After a miserable showing, Tiger Woods now has nothing but time
JOHNS CREEK, Ga. - The statistics this time didn't lie.
Forget tracking fairways and greens. The pertinent numbers for Tiger Woods in the 93rd PGA Championship were these: he found 22 bunkers, 11 off the tee and 11 greenside, and he was in four water hazards. He made five double bogeys.
*Woods has much to work on, and plenty of time to work on it. Photo by Getty Images
That was the recipe of despair and frustration for the former No. 1 player in the world, whose second-round 73 at Atlanta AC sent him home early for the first time ever in the year's final major. Woods, a four-time PGA champion, ended up at 10-over 150, by far his worst showing not only in this tournament but in any major since he turned professional in 1996. He finished six shots off the cut and 15 shots behind 36-hole leaders Jason Dufner and Keegan Bradley.
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"I think it's a step back in the sense that I didn't make the cut, and I'm not contending in the tournament," said Woods, who missed the cut for only the seventh time in his 260 pro starts on the PGA Tour. "But it's a giant leap forward in the fact that I played two straight weeks, healthy. That's great for our practice sessions coming up. We are going to be now able to work and get after it. So something, unfortunately, I haven't been able to do, and I thought I could come in here and play the last couple of weeks and get it done somehow, but I need some work."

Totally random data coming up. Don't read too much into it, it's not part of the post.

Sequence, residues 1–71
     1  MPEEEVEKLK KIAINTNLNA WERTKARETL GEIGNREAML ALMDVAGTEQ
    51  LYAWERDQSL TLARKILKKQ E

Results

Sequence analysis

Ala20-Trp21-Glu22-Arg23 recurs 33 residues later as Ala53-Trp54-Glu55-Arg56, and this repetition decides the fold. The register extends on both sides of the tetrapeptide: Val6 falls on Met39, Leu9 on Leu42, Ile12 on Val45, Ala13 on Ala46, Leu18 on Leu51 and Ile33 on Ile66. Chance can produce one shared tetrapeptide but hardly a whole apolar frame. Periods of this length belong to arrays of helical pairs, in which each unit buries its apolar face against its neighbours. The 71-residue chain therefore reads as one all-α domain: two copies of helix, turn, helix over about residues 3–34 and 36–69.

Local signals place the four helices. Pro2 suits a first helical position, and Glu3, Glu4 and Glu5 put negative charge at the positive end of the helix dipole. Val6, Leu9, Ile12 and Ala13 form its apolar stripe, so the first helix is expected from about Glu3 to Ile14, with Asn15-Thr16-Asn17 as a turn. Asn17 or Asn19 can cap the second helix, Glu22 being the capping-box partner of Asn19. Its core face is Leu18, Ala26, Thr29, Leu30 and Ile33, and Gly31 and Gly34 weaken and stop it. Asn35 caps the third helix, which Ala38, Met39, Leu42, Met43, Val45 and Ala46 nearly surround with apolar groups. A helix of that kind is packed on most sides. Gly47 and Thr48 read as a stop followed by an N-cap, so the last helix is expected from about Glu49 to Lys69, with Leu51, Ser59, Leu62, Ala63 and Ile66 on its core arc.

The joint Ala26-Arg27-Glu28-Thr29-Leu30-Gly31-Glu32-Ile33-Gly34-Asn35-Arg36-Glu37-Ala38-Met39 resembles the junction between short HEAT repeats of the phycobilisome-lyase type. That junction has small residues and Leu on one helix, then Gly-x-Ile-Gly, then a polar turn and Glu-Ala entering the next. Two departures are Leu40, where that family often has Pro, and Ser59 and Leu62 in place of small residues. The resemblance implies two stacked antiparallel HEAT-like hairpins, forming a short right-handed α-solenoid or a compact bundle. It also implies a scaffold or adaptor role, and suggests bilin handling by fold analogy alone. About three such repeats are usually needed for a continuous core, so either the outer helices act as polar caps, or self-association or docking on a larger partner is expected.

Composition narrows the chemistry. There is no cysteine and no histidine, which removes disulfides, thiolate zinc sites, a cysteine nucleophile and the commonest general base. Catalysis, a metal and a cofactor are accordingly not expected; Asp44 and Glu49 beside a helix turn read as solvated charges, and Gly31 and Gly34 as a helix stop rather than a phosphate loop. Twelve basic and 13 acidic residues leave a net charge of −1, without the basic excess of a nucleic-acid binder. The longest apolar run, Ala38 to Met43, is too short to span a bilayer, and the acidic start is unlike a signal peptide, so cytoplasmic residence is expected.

That's been evident after these last two weeks, Woods' first in competition since May 12 since he withdrew from The Players after nine holes because of knee and Achilles injuries. He was a middling T-37 at last week's WGC-Bridgestone Invitational, followed by his work at the Highlands course at AAC, where he still struggled with his driver and didn't make enough putts to offset the wildness.
Woods appeared as if he might make a run at sticking around for his 14th PGA weekend when he birdied the eighth and ninth holes to return his scorecard to even for the day after an opening 77. But then came consecutive double bogeys at the 11th and 12th, the latter after hooking his tee shot and his third into the trees and having to punch out after each.
"I showed signs that I can hit the ball exactly how I know I can. And, unfortunately, I just didn't do it enough times," Woods, 35, said in completing his worst major championship season with a T-4 at the Masters, two no-shows and now this unsavory PGA.
By missing the cut, Woods will not qualify for the FedExCup playoffs that begin in two weeks and which he has won twice. He has no concrete plans for any tournament golf until the Australian Open in November, the week prior to the Presidents Cup in Melbourne. He was noncommittal on adding any tournaments in the interim.
"Yeah, I've got some time off again," he said with a big grin.
"Now I'll have nothing to do but work on my game," he added. "That's going to be good. [Swing coach] Sean [Foley] and I haven't had the opportunity to really sit down and do a lot of work, so this will be our time."
-- *Dave Shedloski
Follow on Twitter: @DaveShedloski*